Iraqis gather at the site of a car bombing near Baghdad's Al-Shuhada Bridge on May 30, 2017 which killed at least 11 people
Three suicide bombings in Baghdad and a city to the west have killed at least 42 people, targeting Iraqis breaking their fast and elderly people collecting their pensions, officials said Tuesday.
The strikes came as forces fought to retake the last areas held by the Islamic State group in their former stronghold of Mosul.
The first IS-claimed car bombing struck a Baghdad ice cream shop during the Muslim holy month of Ramadan, when Iraqis often stay out late shopping or socialising after breaking their daily fast.
A second attack claimed by the group targeted the country's main pension office, while a third bombing was carried out at an army checkpoint in Hit, some 120 miles (200 km) west of Baghdad.
Haidar Hussein, 22, had been sitting with friends at a coffee shop near the Al-Faqma ice cream parlour in the capital's central Karrada district.
A police captain tried to prevent a small white pickup truck from approaching the area, but the driver kept going forward and then the truck exploded, he said.
The blast sent rubble flying, sparked a fire and threw Hussein to the ground, injuring his arm and leg. At least 16 people were killed and 75 injured in the attack.
After checking himself for wounds, Hussein began to look for his friends.
"Many people were on the ground, including women and children, and the screams of the women and children got louder," he said.
Among the dead was Hussein's 22-year-old friend Karar, who left behind two wives and three children.
Images posted on social media showed the devastating impact of the attack, which left ice cream cups scattered on the blood-stained ground.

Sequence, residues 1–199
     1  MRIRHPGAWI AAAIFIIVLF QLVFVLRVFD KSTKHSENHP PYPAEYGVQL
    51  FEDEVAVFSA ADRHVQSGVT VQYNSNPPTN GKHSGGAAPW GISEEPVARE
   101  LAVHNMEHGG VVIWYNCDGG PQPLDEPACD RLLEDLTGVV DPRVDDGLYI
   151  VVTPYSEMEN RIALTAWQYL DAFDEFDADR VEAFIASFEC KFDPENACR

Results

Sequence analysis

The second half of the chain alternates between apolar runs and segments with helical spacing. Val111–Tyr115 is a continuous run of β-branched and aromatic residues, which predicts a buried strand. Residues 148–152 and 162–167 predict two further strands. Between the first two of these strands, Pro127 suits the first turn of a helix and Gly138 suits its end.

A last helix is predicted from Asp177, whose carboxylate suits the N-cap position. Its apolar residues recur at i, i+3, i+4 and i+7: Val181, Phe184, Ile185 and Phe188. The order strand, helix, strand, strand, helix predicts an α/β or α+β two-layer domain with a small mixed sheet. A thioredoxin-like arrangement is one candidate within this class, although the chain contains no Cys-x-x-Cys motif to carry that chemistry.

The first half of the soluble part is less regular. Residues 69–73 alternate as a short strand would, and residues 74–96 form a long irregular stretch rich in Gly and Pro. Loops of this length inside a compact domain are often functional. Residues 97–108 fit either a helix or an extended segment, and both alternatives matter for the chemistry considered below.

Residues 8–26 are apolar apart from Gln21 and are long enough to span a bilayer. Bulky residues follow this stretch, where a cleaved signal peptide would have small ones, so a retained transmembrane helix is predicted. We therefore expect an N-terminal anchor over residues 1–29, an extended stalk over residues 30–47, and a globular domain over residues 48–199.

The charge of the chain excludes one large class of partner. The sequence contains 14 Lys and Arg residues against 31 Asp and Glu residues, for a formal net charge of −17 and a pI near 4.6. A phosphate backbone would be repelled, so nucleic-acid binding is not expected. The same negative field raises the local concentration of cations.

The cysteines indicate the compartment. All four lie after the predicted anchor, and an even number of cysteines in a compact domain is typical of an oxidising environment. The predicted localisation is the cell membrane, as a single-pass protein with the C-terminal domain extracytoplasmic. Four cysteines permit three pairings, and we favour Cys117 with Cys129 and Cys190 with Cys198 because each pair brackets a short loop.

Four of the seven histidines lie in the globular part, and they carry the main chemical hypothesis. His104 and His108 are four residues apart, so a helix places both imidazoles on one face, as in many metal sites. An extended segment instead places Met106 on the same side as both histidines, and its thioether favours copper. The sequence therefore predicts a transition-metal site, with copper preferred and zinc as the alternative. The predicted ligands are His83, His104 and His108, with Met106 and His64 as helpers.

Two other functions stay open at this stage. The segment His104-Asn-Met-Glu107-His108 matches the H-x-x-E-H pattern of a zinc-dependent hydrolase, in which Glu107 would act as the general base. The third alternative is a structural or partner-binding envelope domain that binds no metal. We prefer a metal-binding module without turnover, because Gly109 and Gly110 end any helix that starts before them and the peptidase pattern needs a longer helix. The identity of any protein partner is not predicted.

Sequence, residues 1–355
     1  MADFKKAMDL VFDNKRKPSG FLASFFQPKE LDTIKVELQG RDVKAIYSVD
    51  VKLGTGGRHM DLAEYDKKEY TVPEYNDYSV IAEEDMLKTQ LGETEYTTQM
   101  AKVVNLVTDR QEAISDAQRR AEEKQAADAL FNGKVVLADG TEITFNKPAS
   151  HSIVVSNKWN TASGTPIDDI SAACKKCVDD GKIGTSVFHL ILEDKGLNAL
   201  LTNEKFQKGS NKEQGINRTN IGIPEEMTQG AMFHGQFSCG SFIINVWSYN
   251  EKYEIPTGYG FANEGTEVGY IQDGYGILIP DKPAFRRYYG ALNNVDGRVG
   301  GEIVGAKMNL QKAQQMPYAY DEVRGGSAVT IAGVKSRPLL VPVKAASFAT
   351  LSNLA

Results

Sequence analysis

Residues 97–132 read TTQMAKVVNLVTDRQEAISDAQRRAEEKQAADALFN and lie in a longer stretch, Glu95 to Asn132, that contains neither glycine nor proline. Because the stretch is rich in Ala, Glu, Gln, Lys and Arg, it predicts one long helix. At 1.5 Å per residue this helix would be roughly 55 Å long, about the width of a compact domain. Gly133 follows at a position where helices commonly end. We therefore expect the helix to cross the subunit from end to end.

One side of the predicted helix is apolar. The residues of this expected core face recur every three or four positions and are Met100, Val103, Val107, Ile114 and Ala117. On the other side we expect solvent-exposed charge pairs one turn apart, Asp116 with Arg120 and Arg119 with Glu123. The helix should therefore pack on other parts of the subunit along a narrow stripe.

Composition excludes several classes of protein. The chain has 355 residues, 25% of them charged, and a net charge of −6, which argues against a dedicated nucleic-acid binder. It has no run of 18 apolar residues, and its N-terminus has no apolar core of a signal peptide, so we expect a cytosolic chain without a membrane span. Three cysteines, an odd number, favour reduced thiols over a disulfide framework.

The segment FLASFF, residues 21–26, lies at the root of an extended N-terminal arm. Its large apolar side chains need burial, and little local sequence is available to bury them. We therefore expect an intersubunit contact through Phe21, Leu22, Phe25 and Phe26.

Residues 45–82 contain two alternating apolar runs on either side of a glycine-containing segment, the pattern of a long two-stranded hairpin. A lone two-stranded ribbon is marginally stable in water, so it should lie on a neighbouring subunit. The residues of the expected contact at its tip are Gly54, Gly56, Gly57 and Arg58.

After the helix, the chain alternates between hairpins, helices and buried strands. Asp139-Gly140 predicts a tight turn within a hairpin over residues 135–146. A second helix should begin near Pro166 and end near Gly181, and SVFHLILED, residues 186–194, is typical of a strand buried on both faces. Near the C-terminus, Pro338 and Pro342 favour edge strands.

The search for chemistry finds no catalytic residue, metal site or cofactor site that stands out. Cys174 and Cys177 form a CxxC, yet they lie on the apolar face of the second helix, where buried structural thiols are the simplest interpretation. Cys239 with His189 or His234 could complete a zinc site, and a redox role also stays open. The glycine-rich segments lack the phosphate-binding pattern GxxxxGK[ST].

In the second strike, a suicide bomber blew up a vehicle near Iraq's main pension office, which is close to one of the principal bridges over the River Tigris, said the Baghdad Operations Command.
The blast killed at least 11 people and wounded at least 40, officials said.
The bombing at the Hit checkpoint killed 15 people, including four soldiers and a journalist, while 23 others were injured, Anas al-Ani, spokesman for the department of health in Anbar province told AFP.
The Iraqi chain Asiasat TV said its journalist Souhaib al-Hiti had died in the attack, for which no group has yet claimed responsibility.
- 'Wanton savagery' -
The US State Department said in a statement that it condemned the Baghdad bombings in "the strongest possible terms".
"These brutal attacks, whose victims included innocent children breaking the Ramadan fast and elderly Iraqis collecting their pensions, demonstrate once again the wanton savagery of the enemy we face," spokeswoman Heather Nauert said.
The UN called the bombings an "outrage" while Paris turned off the lights of the Eiffel Tower on Tuesday night in tribute to the victims.
The bombings in Baghdad come as Iraqi forces fight to retake the last IS-held areas of Mosul, a city that was the jihadist group's emblematic stronghold.
Iraqi forces are more than seven months into a massive operation to recapture the city, and have already taken back its whole eastern side and much of the west.
Three neighbourhoods north of Mosul's Old City -- Al-Shifaa, Al-Saha and Al-Zinjili -- are now the target of a broad assault by Iraqi soldiers, police and special forces that was launched last week.
IS is mainly relying on "snipers and suicide bombers" to target Iraqi forces, as it is running low on mortar rounds and explosives after losing sites it previously used to produce them, Iraqi Brigadier General Shakir Kadhim Mohsen told AFP.
The United Nations has warned that up to 200,000 civilians who are believed to remain in IS-held areas of the city are in grave danger and that large numbers could flee.
"We are deeply concerned that right now, in the last final stages of the campaign to retake Mosul, that the civilians... in (IS) areas are probably at graver risk now than at any other stage of the campaign," Lise Grande, the UN humanitarian coordinator for Iraq, told AFP.
The World Food Programme said Tuesday that it "has identified worrying signs of an increase in the rate of malnutrition among newly displaced children from western Mosul."